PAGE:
Pride Coalition prospers as it expands horizons in 2021

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Photo by Karina Murray '22

The pride coalition hosts many events including a celebration of Pride Club last year outside the cafeteria.

Among the countless clubs that Staples has to offer, the Pride Coalition has remained a prominent safe space for all members or allies of the LGBTQ+ community who choose to participate. Though the club is not new, the 2021-22 school year has invited a new level of dedication and commitment for many of its members, boasting its very own newsletter and even expanding its community into the middle schools.

“The newsletter installment is to spread information about LGBT news and history to Staples and to better educate students who are not affiliated with the club,” Pluto Schnirring ’22, president of the club, said.

The most recent edition of the newsletter, released December 2021, features inspirational LGBTQ+ quotes as well as personal stories about identity struggles and national news regarding the community. 

William Vanamee ’25, a journalist for The Pride Periodical, explained the newsletter’s origin. 

“The project was originally produced exclusively by Lily Caplan, but The Pride Periodical is slowly expanding as more members show interest,” he said.

The newsletter and the club is largely student-run, but science teacher Kayla Iannetta and math teacher Nicole Giuliani act as advisors to the club and have played a substantial role in contributing to its success. 

“[Spreading LGBTQ+ rights] is my passion,” Iannetta siad. “I didn’t have a good high school experience. I was pretty closeted and I had a couple experiences here before I was an advisor where I helped a couple of closeted kids go through some tough times, so when I got asked to advise last year, I just blew up with ideas.”

Spreading LGBTQ+ rights] is my passion. I didn’t have a good high school experience. I was pretty closeted and I had a couple experiences here before I was an advisor where I helped a couple of closeted kids go through some tough times, so when I got asked to advise last year, I just blew up with ideas.”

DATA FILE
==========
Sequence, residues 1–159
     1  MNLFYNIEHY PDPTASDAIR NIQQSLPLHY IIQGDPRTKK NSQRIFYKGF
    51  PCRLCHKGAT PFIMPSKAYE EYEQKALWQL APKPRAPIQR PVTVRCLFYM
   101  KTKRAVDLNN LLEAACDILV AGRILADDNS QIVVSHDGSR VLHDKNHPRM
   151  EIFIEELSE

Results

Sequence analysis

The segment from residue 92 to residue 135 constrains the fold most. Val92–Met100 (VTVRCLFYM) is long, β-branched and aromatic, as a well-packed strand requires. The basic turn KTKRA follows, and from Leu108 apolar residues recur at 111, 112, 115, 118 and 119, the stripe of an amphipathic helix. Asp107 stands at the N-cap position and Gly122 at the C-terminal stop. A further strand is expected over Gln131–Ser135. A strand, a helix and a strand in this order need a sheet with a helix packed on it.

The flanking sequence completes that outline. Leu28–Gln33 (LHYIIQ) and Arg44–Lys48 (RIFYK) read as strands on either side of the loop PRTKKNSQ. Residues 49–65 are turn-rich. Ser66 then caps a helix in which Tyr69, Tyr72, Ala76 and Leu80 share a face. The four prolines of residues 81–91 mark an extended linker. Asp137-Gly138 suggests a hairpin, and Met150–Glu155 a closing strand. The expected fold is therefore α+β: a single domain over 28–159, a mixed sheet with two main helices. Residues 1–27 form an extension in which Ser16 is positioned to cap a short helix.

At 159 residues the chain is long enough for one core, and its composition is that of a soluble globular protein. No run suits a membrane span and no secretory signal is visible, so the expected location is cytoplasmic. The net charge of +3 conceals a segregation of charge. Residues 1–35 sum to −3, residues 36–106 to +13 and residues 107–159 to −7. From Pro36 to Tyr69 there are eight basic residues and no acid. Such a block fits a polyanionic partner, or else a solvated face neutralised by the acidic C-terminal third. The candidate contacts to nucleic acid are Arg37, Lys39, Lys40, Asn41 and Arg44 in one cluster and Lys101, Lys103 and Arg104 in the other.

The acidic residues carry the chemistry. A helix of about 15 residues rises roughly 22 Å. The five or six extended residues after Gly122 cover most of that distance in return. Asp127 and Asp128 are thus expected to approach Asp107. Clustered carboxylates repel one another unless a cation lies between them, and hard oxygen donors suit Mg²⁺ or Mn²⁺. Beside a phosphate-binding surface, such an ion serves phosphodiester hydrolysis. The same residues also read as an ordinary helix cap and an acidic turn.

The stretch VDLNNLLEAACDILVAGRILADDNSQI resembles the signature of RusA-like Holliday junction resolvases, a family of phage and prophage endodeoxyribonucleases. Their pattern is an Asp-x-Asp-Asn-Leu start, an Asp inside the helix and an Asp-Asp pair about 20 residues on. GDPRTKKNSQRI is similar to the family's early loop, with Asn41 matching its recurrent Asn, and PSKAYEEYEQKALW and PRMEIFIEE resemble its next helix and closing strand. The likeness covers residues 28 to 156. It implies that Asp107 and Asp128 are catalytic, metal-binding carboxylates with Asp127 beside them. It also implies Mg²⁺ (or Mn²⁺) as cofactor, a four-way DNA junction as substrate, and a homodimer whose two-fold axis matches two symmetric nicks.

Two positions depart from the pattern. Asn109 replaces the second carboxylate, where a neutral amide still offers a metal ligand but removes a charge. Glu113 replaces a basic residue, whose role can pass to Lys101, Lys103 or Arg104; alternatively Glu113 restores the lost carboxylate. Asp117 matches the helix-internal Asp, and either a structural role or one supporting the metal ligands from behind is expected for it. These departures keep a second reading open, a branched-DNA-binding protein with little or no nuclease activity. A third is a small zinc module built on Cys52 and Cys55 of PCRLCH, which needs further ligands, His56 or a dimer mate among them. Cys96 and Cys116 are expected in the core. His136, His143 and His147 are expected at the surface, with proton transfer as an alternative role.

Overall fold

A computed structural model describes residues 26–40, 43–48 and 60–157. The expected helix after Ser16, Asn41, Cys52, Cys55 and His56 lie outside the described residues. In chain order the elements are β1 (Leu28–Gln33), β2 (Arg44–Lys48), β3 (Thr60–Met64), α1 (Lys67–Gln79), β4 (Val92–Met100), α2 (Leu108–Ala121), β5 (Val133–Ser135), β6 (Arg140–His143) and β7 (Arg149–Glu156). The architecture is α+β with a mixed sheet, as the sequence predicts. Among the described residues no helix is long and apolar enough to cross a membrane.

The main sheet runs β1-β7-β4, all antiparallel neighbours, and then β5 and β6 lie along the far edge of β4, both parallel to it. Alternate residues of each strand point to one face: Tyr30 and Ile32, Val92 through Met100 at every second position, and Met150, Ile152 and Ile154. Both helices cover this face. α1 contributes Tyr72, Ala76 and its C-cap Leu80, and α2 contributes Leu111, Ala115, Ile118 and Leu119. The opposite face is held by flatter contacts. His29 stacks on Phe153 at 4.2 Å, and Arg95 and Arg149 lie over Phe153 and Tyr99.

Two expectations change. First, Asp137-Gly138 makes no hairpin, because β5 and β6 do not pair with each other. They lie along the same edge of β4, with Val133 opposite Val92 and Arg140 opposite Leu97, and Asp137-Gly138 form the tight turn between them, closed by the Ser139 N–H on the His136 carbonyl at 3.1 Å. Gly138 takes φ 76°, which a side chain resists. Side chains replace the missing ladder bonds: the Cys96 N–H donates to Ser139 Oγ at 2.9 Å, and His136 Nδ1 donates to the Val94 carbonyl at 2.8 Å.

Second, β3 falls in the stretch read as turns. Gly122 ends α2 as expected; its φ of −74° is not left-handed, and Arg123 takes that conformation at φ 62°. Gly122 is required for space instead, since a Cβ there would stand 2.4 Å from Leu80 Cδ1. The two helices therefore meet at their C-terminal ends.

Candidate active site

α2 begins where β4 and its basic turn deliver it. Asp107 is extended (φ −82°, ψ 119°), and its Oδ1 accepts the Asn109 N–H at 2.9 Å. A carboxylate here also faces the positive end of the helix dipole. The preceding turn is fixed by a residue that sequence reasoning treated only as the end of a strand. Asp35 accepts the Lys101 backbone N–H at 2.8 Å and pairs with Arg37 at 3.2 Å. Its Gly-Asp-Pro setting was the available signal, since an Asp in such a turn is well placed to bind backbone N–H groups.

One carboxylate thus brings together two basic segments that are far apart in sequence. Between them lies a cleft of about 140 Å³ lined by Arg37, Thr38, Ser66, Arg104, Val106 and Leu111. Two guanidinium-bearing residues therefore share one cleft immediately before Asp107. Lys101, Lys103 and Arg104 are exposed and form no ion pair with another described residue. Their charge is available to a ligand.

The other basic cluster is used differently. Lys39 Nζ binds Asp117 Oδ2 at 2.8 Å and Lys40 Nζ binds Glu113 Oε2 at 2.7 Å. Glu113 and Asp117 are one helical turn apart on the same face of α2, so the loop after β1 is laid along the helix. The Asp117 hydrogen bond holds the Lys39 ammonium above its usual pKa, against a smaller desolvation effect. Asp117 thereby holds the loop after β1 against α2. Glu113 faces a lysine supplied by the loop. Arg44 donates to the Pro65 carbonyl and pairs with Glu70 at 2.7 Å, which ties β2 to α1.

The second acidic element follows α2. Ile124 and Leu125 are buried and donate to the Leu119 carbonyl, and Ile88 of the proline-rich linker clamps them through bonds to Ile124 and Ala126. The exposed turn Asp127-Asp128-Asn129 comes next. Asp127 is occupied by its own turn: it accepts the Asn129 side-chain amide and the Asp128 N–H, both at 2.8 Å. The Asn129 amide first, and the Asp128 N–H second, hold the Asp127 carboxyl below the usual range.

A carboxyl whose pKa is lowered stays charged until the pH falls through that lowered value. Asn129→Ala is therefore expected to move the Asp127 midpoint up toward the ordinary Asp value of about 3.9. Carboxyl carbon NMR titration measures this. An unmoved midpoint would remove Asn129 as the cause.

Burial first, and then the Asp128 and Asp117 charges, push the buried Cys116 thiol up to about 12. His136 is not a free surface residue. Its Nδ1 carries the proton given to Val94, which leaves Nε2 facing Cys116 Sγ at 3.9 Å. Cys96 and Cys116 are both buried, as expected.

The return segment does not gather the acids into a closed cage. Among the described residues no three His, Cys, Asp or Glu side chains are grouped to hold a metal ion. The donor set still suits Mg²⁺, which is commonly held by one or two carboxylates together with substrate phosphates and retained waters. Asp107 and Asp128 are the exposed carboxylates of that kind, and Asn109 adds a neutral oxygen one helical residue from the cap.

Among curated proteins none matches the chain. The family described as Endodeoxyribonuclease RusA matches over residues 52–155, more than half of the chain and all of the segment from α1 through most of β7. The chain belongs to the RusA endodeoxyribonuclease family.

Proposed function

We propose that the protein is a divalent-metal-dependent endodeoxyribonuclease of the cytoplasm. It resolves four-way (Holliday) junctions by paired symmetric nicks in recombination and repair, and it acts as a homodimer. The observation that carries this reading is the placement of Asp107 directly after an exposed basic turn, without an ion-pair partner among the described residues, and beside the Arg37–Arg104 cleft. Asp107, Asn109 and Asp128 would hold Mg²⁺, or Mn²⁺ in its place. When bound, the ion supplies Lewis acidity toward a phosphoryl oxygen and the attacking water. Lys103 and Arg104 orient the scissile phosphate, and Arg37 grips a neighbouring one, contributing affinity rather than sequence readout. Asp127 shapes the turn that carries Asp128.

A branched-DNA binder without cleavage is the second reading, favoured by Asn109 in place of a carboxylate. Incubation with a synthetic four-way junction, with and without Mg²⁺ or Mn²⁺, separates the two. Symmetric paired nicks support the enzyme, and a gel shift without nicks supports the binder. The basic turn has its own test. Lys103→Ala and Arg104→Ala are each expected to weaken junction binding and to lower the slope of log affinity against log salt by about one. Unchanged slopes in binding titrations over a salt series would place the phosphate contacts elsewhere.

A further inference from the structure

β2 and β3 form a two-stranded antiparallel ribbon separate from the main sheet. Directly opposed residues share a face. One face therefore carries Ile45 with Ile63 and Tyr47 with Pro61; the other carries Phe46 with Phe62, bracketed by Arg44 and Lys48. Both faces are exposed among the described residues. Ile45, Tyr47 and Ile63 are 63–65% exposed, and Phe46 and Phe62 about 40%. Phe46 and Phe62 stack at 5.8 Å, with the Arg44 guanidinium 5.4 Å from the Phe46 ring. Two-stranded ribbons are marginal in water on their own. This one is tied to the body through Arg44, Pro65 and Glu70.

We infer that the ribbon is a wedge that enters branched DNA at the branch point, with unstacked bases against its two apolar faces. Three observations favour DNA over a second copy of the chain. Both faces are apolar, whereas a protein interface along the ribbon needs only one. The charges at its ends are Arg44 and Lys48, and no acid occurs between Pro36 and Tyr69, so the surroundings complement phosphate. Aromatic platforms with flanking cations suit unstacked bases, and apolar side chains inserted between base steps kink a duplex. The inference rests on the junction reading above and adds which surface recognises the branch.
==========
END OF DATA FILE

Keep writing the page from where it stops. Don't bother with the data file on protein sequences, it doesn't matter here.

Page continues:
— Kayla Iannetta

One of Iannetta’s main goals is to increase middle school pride and visibility through the club.

“I fought really hard for the middle school [involvement] last year,” Iannetta said. “I asked the high schoolers what their experience in the community has been in school, and they had a lot of not great things to say, starting off with in middle school, because that’s when we start diving into our identities[…] I thought, we should probably have these programs in the middle schools so kids don’t have to hide until they get to high school.”

The club recently completed their second trip to the middle schools and have classified their effort as a success. While meetings at Staples consist of a more formulaic agenda, with discussion and planning of upcoming events first and socialization after, middle school meetings consist of pure socialization and discussion of changes they would like to make in the community in order to increase inclusion and visibility. The meetings serve as a place for young members of the LGBTQ+ community to navigate their identities in an environment in which they can relate to others. 

“The middle schoolers really wanted to focus on getting more gender neutral bathrooms and find a way to have gender neutral locker rooms[…]the kids really want to change the community which I think is really cool,” Iannetta said. 

Though the club serves as a place to make a change in the world around its members, it is first a place to make a change in the immediate lives of its members. 

“My favorite part of the club is the community we’ve been able to create for the LGBTQ students at Staples,” Schnirring said, “and the home it’s given me for the past four years.”